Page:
⚙ Usage

🚀 Basics

🌐 Initialization of Maps objects

EOmaps is all about Maps objects.
To start creating a new map (in this case a plot in epsg=4326, e.g. lon/lat), simply use:
from eomaps import Maps
m = Maps(crs=4326, layer="first layer", figsize=(10, 5))
  • crs represents the projection used for plotting

  • layer represents the name of the layer associated with the Maps-object (see below)

  • all additional keyword arguments are forwarded to the creation of the matplotlib-figure (e.g.: figsize, frameon, edgecolor etc).

Possible ways for specifying the crs for plotting are:

  • If you provide an integer, it is identified as an epsg-code (e.g. 4326, 3035, etc.).

  • All other CRS usable for plotting are accessible via Maps.CRS, e.g.: crs=Maps.CRS.Orthographic() or crs=Maps.CRS.Equi7Grid_projection("EU"). (Maps.CRS is just an accessor for cartopy.crs)

▤ Layers

Each Maps object represents an individual plot-layer of the map.
Once you have created your first Maps object, you can create additional layers on the same map by using:
m = Maps()                           # same as `m = Maps(layer=0)`
m2 = m.new_layer()                   # "m2" is just another Maps-object on the same layer as "m"!

m_ocean = m.new_layer(layer="ocean") # create a new layer named "ocean"
m_ocean.add_feature.preset.ocean()   # features on this layer will only be visible if the "ocean" layer is visible!
m.show_layer("ocean")                # show the "ocean" layer

m.all.add_feature.preset.coastline() # to add a feature to all layers, simply add it to the `all` layer with `m.all...`

m.util.layer_selector()              # get a utility widget to simplify switching between existing layers
  • m2, m_ocean and m.all are just ordinary Maps objects that share the figure and plot-axes with m

  • If you don’t provide an explicit layer name, the new Maps-object will use the same layer as its parent! (you can have multiple Maps objects on the same layer!)

Map-features and colorbars are layer-sensitive!

Features, datasets, colormaps etc. added to a Maps object are only visible if the associated layer is visible! To manually switch between layers, use m.show_layer("the layer name"), call m.show() or have a look at the 🦜 Utility widgets.

The “all” layer

There is one layer-name that has a special meaning… the "all" layer.
Any callbacks, features or plots added to this layer will be executed on all other layers as well!

You can add features and callbacks to the all layer via: - using the shortcut m.all. ... - creating a dedicated Maps object via m_all = Maps(layer="all") or m_all = m.new_layer("all") - using the “layer” kwarg of functions e.g. m.plot_map(layer="all")


The base-class for generating plots with EOmaps.


Create a new Maps-object that shares the same plot-axes.


Get a Maps-object on the "all" layer.


Display the selected layer on the map.


Create a (deep)copy of the Maps object that shares selected specifications.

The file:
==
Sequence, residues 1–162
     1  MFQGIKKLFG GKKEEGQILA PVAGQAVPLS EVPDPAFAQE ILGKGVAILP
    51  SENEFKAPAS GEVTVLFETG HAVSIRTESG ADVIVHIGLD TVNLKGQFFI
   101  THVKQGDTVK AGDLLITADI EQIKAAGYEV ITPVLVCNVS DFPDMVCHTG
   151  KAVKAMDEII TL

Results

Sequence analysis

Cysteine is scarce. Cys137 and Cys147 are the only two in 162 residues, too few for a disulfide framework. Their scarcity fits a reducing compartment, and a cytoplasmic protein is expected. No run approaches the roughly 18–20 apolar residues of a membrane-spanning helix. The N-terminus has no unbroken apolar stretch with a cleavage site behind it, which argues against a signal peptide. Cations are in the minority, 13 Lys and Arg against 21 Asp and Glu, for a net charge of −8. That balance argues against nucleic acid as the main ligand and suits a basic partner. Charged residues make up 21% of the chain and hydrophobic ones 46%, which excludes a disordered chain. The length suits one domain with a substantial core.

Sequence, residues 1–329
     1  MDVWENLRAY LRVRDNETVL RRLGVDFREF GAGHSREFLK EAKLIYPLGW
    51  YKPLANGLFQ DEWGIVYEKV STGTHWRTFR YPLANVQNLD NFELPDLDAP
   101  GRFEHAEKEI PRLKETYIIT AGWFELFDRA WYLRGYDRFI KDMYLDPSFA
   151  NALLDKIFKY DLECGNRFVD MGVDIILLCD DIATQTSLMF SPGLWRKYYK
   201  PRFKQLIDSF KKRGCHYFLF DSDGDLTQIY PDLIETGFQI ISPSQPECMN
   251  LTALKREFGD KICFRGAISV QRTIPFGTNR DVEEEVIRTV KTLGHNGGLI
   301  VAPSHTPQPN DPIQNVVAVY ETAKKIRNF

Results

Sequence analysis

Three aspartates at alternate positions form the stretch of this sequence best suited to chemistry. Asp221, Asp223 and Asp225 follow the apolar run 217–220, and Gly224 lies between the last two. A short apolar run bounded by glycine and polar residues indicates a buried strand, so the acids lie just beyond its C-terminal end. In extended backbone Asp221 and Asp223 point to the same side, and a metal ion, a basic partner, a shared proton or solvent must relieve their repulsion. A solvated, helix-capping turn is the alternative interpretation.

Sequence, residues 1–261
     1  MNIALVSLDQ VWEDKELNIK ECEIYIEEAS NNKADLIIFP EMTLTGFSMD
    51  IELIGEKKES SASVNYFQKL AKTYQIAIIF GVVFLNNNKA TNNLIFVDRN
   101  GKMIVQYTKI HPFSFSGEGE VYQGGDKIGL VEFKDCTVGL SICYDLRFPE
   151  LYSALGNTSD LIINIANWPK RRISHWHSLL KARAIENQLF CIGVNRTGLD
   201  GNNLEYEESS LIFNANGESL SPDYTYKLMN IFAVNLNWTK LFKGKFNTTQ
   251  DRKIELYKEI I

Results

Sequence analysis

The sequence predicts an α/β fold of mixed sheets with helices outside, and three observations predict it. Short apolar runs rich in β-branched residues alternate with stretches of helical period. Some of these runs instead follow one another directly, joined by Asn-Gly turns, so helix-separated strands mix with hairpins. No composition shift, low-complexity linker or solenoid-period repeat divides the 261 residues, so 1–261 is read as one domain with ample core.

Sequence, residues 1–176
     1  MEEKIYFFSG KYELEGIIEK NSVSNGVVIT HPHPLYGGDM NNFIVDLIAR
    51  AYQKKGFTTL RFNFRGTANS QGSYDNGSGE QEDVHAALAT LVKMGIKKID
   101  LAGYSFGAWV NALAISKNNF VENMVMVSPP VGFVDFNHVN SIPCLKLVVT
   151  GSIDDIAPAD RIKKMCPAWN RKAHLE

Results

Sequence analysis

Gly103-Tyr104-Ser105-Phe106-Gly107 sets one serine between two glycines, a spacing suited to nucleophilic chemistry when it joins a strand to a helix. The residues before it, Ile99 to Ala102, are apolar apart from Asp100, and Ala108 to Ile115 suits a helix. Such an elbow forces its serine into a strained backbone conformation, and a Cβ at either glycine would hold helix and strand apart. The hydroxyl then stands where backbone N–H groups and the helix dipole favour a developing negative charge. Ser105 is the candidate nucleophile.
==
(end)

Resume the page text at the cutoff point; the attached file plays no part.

🔵 Setting the data and plot-shape

To assign a dataset to a Maps object, use m.set_data(...). The shapes that are used to represent the data-points are then assigned via m.set_shape.

What’s used by default?

By default, the plot-shape is assigned based on the associated dataset.

  • For datasets with less than 500 000 pixels, m.set_shape.ellipses() is used.

  • For larger 2D datasets m.set_shape.shade_raster() is used
    … and m.set_shape.shade_points() is used for the rest.
m = Maps()                                # create a Maps-object
m.set_data(data1, x, y, crs, ...)         # assign some data to the Maps-object
m.set_shape.geod_circles(radius=1000,     # draw geodetic circles with 1km radius
                         n=100)           # use 100 intermediate points to represent the shape

m.plot_map()                              # plot the data

m2 = m.new_layer()                        # create a new Maps-object on the same layer
m2.set_data(data, x, y, crs, ...)         # assign another dataset to the new Maps object
m2.set_shape.rectangles(radius=1,         # represent the datapoints as 1x1 degree rectangles
m2.plot_map()                             # plot the data

m3 = m.new_layer("data")                  # create a new layer named "data"
...                                       # ...


Set the properties of the dataset you want to plot.


Set the plot-shape to represent the data-points.

Possible shapes that work nicely for datasets with up to 1M data-points:


Draw geodesic circles with a radius defined in meters.


Draw projected ellipses with dimensions defined in units of a given crs.


Draw projected rectangles with fixed dimensions (and possibly curved edges)


Draw a Voronoi-Diagram of the data.


Draw a Delaunay-Triangulation of the data.


Draw 2D datasets as rectangles (only 2D datasets, but possibly large ones)

While raster still works nicely for large datasets , for extremely large datasets (several million datapoints), it is recommended to use “shading” instead of representing each data-point with a projected polygon.

Possible shapes that can be used to quickly generate a plot for millions of datapoints are:


Shade the data as infinitesimal points (>> usable for very large datasets!).


Shade the data as a rectangular raster (>> usable for very large datasets!).